After the Great Recession, bank executives learned some valuable lessons, and new regulations have helped their banks strengthen their foundations. Not only have regulations required banks to hold a higher amount of equity capital on their balance sheets (making them more resilient to a downturn), but many management teams have also de-risked their underwriting, making their asset bases less susceptible to a market pullback.
Nevertheless, virtually all bank stocks have been feeling some pressure of late, as U.S.-China trade war tensions and the flattening of the yield curve have fed concerns over a possible recession. And if you'll remember, the last recession was really bad.
But if you're a long-term, value-oriented investor and you don't think the next downturn will be as bad as the Great Recession of 2008-09, it might be a great time to grab some quality bank stocks trading at some relatively low, low prices based on price-to-earnings or price-to-book ratios.
Before we talk about these stocks, it's important to remember not to get lured into buying a stock based on valuation alone. It's also important to look at a bank's quality, which can be reflected in its returns on equity (ROE), or how much profit a company is able to generate with each dollar of shareholders' equity it receives. Banks with good ROEs tend to have strong business models and risk controls. According to the St. Louis Fed, average bank ROEs hovered in the mid-high single-digits for the better part of the last decade. Since the Tax Cuts and Jobs Act of 2017 and the Fed beginning to raise interest rates, the average ROE for a large U.S. bank has risen to around 12.
Here are three such high-quality bank stocks that trade at very cheap valuations, yet still generate solid returns on equity.
1. Fifth Third Bancorp
- Return on equity: 11.5%
- Price-to-book ratio: 1.05
- P/E ratio: 9.4
- Dividend yield: 3.5%
Fifth Third Bancorp (NASDAQ:FITB) is among the largest of the regional U.S. banks, with a market capitalization of just under $20 billion. The Cincinnati-based bank has a presence across the Midwest and Southeast, with branches in Ohio, Kentucky, Indiana, Michigan, Illinois, Florida, Tennessee, West Virginia, Georgia, and North Carolina. Fifth Third expanded its reach earlier this year when it made a $4.7 billion acquisition of Chicago-based MB Financial in a (mostly) all-stock deal, which closed in March.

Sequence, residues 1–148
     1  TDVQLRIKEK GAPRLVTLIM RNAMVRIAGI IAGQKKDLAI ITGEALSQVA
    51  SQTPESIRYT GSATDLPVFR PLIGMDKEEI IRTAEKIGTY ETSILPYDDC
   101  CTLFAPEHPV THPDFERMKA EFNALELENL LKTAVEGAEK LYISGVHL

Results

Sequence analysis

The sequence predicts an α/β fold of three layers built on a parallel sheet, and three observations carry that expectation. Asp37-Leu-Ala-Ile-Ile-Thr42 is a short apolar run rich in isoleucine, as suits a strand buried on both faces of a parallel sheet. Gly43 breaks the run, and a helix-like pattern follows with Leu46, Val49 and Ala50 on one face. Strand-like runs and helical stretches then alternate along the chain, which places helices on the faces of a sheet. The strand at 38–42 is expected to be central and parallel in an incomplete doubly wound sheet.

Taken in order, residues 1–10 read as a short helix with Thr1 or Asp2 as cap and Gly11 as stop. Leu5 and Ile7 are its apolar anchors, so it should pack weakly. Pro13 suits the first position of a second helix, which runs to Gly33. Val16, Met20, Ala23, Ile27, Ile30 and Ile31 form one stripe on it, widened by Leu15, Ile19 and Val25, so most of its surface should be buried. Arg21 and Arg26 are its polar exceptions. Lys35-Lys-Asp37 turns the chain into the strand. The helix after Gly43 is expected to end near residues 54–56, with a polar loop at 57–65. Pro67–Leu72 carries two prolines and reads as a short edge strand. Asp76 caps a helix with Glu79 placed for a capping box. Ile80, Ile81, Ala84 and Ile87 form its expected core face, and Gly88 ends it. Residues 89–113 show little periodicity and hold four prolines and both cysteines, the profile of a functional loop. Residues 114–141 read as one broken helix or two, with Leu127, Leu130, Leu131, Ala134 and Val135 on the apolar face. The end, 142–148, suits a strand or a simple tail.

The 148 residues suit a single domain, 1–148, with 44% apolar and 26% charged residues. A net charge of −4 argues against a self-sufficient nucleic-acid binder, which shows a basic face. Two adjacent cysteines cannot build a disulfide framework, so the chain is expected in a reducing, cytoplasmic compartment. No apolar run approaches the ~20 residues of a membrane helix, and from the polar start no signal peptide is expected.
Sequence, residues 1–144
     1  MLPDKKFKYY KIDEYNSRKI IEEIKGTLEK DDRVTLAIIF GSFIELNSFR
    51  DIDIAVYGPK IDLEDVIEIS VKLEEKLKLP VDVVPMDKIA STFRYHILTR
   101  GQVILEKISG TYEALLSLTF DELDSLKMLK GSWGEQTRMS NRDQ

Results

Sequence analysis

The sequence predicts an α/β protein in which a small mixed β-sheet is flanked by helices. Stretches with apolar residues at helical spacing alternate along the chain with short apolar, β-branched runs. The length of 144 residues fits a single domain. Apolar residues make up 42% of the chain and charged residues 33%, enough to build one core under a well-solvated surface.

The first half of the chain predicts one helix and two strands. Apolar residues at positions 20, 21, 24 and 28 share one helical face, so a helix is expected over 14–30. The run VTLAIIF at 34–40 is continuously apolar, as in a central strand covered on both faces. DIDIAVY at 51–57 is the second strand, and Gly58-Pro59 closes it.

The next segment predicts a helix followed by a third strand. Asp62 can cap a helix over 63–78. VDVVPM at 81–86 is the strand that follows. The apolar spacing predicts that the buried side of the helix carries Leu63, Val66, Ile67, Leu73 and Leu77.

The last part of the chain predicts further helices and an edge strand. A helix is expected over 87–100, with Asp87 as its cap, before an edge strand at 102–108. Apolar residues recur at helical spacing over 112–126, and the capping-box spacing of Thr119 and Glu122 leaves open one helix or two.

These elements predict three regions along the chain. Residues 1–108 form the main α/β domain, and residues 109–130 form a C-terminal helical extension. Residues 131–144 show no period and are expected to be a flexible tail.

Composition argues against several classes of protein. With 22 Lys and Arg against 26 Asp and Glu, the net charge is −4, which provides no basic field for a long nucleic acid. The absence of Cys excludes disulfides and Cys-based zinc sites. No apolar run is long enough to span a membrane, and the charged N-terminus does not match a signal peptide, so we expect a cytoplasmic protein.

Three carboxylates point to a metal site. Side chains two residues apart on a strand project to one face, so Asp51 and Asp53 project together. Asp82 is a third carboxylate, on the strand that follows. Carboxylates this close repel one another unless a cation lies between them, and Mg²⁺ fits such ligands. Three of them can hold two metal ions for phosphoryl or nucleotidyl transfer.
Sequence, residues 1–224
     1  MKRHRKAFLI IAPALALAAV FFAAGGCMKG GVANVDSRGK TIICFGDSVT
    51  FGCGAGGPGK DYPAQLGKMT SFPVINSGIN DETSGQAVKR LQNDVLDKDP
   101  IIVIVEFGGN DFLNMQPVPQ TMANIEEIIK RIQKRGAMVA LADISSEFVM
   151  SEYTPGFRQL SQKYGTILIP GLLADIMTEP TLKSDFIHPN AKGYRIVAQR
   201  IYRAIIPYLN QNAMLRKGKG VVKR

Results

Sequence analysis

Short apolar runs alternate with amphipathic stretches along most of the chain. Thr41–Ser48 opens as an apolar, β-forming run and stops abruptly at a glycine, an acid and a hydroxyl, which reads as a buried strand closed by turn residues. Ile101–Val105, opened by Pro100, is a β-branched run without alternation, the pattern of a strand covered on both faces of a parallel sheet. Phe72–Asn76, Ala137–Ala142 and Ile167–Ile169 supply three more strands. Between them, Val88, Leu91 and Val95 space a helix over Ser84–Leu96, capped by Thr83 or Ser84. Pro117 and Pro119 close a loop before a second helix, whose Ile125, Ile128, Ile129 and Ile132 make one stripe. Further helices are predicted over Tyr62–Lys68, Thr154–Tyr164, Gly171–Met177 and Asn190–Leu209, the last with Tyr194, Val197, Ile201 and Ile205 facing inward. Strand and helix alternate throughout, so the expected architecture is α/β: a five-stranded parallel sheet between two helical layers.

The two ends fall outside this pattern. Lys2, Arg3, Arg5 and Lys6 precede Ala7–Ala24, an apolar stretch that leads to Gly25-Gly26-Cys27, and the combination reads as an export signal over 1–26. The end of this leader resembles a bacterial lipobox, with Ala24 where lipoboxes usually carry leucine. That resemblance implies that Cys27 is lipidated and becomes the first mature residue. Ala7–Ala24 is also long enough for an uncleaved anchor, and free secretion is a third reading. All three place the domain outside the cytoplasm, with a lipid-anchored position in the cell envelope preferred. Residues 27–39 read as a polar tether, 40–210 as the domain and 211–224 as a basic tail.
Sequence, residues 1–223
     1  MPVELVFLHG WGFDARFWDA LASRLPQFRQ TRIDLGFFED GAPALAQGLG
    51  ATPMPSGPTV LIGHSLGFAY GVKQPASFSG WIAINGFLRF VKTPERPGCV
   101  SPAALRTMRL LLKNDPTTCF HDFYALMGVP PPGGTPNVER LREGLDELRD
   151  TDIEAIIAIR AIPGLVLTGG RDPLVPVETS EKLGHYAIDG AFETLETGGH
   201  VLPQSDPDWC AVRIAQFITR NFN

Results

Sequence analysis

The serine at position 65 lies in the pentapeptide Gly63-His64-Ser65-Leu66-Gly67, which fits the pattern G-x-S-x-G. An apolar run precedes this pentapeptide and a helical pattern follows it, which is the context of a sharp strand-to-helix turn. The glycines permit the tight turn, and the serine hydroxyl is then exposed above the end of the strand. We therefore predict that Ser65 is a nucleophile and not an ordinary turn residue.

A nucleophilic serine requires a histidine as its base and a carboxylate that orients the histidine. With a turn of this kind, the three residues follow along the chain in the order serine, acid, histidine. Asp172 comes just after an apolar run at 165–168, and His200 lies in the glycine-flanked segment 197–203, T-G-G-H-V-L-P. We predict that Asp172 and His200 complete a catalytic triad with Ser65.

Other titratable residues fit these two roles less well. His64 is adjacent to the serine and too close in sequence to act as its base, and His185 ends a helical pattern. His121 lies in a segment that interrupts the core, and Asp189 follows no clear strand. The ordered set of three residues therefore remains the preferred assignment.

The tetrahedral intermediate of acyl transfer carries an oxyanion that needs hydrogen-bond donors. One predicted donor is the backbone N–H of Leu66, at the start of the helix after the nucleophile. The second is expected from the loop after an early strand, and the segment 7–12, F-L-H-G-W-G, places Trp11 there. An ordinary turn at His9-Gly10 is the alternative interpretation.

In the second quarter, Fifth Third had a roughly 65%-35% split between commercial loans and consumer loans, with a diversified consumer portfolio and a heavy emphasis on commercial and industrial loans. These loans are usually backed by collateral in a business and are thus more secure than, say, construction loans that need a project to finish. Construction loans only made up 7% of Fifth Third's commercial book. Fifth Third also has a similar two-thirds/one-third split between its net interest income and noninterest income.
There are a few reasons to be bullish on Fifth Third this year. As a result of the acquisition, the company now expects an additional $255 million in cost synergies from integrating MB Financial, along with another $60 million to $75 million from revenue synergies through the cross-selling of products by 2022. Additionally, the company just cashed in its stake in financial technology processing firm Worldpay, generating a $233 million after-tax gain for Fifth Third.
All of these extra savings and capital inflows will generate money to go toward Fifth Third's $2 billion capital return capacity over the coming year, which will be composed of share repurchases and increased dividends. That total return is more than 10% of the current market capitalization. And this is all while keeping a relatively conservative 9.6% CET1 (Common Equity Tier 1) ratio on the balance sheet.
In addition, Fifth Third only expects to be marginally impacted by recent interest rate cuts. The company still expects net interest margins of 3.22% for the full year of 2019, which would still be an increase of 7 basis points over 2018. The bank also further expects its return on tangible equity (ex-goodwill and other assets) to rise to 16.5% versus 15.8% in the second quarter and its efficiency ratio (noninterest cost divided by revenue) to decline relative to the second quarter as well.